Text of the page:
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Local News

  • Today in History for September 20th
  • Traffic mishap in front of Hilltop House Hotel

    Los Alamos Police Department Cpl. Doug Ehler was trying to have an uneventful last day on the force.

    On Tuesday, he was on the scene as a paint truck went over a cliff on N.M. 4 in the Jemez Mountains.

    On Wednesday, he was called to a scene around 3:30 p.m. at the corner of Trinity Drive and 4th Street in front of the Hilltop Hotel South. A white pickup truck made a turn in front of a red Subaru, causing extensive damage to both vehicles.

    A 55-year-old woman, driving the red Subaru was transported by LAFD to Los Alamos Medical Center with minor injuries. A 17-year-old driving the white pickup truck was cited for failure to yield and having an expired driver's license.

    The white pickup truck had run over the stop sign as well. And workers were already on the scene with a replacement stop sign.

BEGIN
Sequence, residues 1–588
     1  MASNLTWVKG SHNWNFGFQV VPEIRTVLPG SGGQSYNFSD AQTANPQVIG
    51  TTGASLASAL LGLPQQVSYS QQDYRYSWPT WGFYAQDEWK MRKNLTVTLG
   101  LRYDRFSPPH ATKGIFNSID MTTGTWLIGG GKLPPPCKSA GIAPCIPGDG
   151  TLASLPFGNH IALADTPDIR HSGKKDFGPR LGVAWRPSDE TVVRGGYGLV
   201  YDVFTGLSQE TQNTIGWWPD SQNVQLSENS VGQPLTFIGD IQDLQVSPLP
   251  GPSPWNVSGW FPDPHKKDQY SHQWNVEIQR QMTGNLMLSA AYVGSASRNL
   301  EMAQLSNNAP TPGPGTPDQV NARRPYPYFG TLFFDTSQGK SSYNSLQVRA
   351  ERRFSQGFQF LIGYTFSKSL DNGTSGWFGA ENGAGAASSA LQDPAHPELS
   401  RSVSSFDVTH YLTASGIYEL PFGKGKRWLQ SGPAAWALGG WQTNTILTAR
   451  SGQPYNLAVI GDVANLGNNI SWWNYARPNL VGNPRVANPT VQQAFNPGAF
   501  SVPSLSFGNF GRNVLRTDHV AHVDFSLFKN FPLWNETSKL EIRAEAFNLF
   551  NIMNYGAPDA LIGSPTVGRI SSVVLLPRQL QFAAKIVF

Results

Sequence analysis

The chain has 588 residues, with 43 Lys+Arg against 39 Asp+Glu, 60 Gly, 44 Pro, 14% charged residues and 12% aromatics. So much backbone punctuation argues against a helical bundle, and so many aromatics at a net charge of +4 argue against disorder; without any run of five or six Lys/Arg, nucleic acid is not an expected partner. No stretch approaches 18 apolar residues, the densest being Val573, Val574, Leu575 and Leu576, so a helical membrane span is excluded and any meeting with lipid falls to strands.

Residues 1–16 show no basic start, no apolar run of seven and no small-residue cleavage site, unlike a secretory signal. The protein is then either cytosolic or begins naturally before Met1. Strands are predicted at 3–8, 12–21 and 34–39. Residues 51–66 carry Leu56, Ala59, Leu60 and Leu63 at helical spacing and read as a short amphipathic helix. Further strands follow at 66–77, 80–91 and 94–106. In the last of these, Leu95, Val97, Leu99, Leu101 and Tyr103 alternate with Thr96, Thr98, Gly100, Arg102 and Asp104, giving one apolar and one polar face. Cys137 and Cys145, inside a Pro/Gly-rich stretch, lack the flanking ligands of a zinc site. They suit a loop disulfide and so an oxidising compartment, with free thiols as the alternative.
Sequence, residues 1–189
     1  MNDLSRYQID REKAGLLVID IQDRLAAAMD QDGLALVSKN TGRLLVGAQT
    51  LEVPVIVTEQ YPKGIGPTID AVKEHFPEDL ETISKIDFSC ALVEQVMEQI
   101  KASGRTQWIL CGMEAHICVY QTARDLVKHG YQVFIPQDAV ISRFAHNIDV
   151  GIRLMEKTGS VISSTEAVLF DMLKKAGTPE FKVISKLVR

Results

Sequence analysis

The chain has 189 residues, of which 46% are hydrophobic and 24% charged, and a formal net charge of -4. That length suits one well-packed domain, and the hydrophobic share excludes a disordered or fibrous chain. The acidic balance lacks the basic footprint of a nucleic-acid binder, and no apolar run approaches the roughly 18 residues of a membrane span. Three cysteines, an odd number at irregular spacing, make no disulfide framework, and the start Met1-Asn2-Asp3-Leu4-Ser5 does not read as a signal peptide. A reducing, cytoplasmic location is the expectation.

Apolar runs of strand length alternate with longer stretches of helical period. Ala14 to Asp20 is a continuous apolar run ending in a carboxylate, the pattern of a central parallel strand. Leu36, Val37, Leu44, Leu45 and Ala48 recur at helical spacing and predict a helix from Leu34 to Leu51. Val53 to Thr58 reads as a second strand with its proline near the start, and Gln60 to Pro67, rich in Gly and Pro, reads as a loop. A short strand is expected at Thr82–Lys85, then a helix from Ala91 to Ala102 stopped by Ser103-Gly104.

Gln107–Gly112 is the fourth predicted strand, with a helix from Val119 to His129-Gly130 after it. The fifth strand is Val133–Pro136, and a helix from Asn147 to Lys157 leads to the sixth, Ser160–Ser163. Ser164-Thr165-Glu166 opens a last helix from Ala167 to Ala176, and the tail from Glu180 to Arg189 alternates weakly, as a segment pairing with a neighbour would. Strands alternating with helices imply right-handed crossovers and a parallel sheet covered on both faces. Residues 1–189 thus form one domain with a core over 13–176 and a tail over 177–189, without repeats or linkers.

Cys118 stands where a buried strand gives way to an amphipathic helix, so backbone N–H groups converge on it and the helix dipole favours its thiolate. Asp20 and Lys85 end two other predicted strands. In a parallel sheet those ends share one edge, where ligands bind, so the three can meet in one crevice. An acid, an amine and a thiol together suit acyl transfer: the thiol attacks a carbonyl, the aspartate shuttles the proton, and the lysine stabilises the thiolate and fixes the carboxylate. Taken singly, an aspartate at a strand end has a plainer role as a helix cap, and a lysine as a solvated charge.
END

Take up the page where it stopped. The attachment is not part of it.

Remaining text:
“I was just trying to get through the day without anything happening,” Ehler said.

     By 4 p.m., traffic was flowing normally in both directions.  

    And Ehler was ready to call it a career after 21 years.  

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  • Wife: Driver in truck crash to be OK

    Frank Maes was at mile marker 49 on N.M. 4 when things started going wrong.

    Before he knew it, he and his International flatbed truck, loaded with 2,000 gallons of yellow and white road striping paint, were plunging over the side of a steep mountain pass.

    Maes was lucky.

    In fact, soon after his truck, or what was left of it, came to a stop 200 feet below in the Bandelier National Forest, Maes got out of his cab and started crawling up the mountain.